I must declare myself to be in the middle of these two extremes as well. I hope that things don’t develop into an either/or situation, at least not for a good number of years. I am excited about new technology, and the immediacy and accessibility of online buying. I believe like many people that these things may increase the number of people who read, which can only be a good thing. I went to a seminar called ‘The Paperless World’ in May this year, put on by Arts Matrix, at Exeter Central Library. Sophie Rochester gave a talk about digital publishing. She set up The Literary Platform, a free online resource dedicated to showcasing projects experimenting with literature and technology. I will write more about what I learned from Sophie in another post, but meanwhile do visit her website. In short, though, her talk that evening made me feel thrilled and positive about the changes afforded by digital publishing. Sophie feels the uproar that this time of change is bringing to the world of publishing is a good thing. I can see why, and heartily agree with her; after all, publishing, however productive and admirable a profession in many ways, has been controlled and run in the same way for years, and, because of its business structure, by a small number of people, in a not particularly democratic or inclusive way (certain philanthropic and community publishers aside). I suppose we could divert here to a debate about small publishers versus large ones, and the place of self-publishing in the developing market, but I think that such topics better wait for another post all of their own, or I will not finish this today.
So, I do not count myself as a luddite on the technology front, or on the method of purchasing books. I love making just a few mouse-clicks that result in rare books, or just reasonably priced books, falling onto my doormat a few days later. I can see the benefit, as a writer, of buying eBook versions of the many books I study when researching a novel, which I can then annotate easily as I read them. But equally I find that I worry about living and reading in a totally paperless world. You see, I just cannot concentrate for as long, reading on a screen, as I can when reading a printed book or article. It is a different experience for me, qualitatively and sensually, and I think many others would agree.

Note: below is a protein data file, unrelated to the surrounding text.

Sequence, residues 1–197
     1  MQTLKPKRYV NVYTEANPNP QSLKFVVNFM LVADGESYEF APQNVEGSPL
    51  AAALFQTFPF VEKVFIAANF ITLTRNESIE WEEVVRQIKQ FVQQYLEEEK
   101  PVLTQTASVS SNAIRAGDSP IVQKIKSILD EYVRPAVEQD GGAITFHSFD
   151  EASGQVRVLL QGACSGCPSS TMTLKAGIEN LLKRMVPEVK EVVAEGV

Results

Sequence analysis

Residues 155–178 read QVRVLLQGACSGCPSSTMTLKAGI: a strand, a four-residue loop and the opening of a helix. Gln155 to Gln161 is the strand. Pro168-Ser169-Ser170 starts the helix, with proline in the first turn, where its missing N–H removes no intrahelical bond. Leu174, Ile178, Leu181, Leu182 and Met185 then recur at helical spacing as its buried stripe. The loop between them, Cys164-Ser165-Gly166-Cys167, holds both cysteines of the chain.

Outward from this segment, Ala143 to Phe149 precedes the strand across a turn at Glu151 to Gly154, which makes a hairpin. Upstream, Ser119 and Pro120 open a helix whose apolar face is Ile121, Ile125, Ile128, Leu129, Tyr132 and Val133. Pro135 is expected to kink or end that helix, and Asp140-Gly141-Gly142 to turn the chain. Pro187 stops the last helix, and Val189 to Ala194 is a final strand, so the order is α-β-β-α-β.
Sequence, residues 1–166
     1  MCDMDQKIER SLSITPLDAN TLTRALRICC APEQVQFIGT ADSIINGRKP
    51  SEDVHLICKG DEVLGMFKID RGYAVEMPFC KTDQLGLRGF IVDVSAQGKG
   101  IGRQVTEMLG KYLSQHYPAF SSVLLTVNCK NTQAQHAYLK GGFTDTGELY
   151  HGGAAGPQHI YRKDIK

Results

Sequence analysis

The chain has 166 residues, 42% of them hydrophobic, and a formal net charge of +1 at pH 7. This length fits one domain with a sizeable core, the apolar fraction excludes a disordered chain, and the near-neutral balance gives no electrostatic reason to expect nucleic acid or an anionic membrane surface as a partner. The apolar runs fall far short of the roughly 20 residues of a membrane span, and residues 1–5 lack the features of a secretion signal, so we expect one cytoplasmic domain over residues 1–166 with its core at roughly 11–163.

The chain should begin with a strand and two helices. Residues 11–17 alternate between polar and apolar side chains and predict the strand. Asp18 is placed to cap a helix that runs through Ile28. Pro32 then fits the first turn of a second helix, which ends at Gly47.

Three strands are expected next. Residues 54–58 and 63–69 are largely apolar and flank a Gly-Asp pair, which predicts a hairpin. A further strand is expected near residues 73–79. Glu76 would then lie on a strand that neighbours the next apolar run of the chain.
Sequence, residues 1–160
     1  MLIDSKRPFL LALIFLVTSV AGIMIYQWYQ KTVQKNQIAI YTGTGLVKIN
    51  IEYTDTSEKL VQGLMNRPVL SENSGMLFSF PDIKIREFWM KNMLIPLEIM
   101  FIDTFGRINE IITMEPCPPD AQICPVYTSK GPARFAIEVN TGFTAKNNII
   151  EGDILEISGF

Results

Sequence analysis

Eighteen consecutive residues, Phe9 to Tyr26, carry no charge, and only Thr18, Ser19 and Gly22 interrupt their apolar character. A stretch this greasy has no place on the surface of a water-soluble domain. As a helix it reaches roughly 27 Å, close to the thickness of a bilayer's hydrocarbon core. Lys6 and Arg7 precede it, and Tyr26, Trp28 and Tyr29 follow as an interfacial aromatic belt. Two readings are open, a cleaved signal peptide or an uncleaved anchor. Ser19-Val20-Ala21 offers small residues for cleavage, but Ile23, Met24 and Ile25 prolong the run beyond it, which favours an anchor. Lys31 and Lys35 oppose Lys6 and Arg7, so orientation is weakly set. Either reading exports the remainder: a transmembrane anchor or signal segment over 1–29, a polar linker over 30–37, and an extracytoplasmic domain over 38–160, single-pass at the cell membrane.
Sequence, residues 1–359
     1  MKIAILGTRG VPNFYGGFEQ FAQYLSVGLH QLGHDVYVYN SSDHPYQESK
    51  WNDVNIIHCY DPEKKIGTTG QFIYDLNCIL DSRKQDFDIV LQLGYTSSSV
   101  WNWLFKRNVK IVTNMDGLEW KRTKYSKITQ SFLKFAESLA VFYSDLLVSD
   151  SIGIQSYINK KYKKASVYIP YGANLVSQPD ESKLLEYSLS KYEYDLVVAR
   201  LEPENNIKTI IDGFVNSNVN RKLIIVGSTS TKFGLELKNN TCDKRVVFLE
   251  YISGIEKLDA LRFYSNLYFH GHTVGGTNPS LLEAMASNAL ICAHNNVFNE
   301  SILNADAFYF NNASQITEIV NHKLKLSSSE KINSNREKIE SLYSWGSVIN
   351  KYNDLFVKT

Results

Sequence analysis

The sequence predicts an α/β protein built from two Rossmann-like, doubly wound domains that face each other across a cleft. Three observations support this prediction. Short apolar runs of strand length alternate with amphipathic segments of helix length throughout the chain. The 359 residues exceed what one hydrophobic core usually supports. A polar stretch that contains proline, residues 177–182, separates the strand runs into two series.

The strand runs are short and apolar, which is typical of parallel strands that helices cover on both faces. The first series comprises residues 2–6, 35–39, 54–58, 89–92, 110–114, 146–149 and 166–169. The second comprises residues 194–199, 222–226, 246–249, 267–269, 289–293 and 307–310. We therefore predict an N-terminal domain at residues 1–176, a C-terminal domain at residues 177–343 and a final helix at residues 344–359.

Last Saturday, I visited the Mighty Miniature Bookspace, a bookseller in Bristol who shares shop space with the imaginative and talented women at Cox & Baloney’s Vintage Boutique. The bookshelves are distributed amongst the rails of bright, vintage clothing. This inspired arrangement presumably results in book lovers leaving the premises more elegantly clad, and a number of fashionista’s walking out with a book tucked into their carrier bag. This enchanting shop also contains a cafe, and whilst we were there, I enjoyed some apple and walnut cake with Oolong tea, which took some of the sting away from a humiliating defeat in a game of chess with my husband Tim (chess set provided free). Maybe this sort of creative and unusual partnership (between the bookseller and the clothes shop, not between me and Tim!) is one of the solutions to the problem. It provides a surprising place where people can browse peacefully through stacks of old books, whilst appreciating the silkiness of pages that are as soft as a cotton shirt that has been worn for many years, and allowing their mind to wend its unhurried way from titles to title around the store, off on unimagined tracks and round intriguing corners.
All most people want is to be reassured that this necessary and enlivening digital revolution will enhance our reading where it undoubtedly can, but that it should be careful not to erode our abilities or our pleasure as readers, as it widens our choices and experiences in many other ways.
A good reason, perhaps, for maintaining a mixed market place? I will be keeping a close eye on James Daunt and his progress.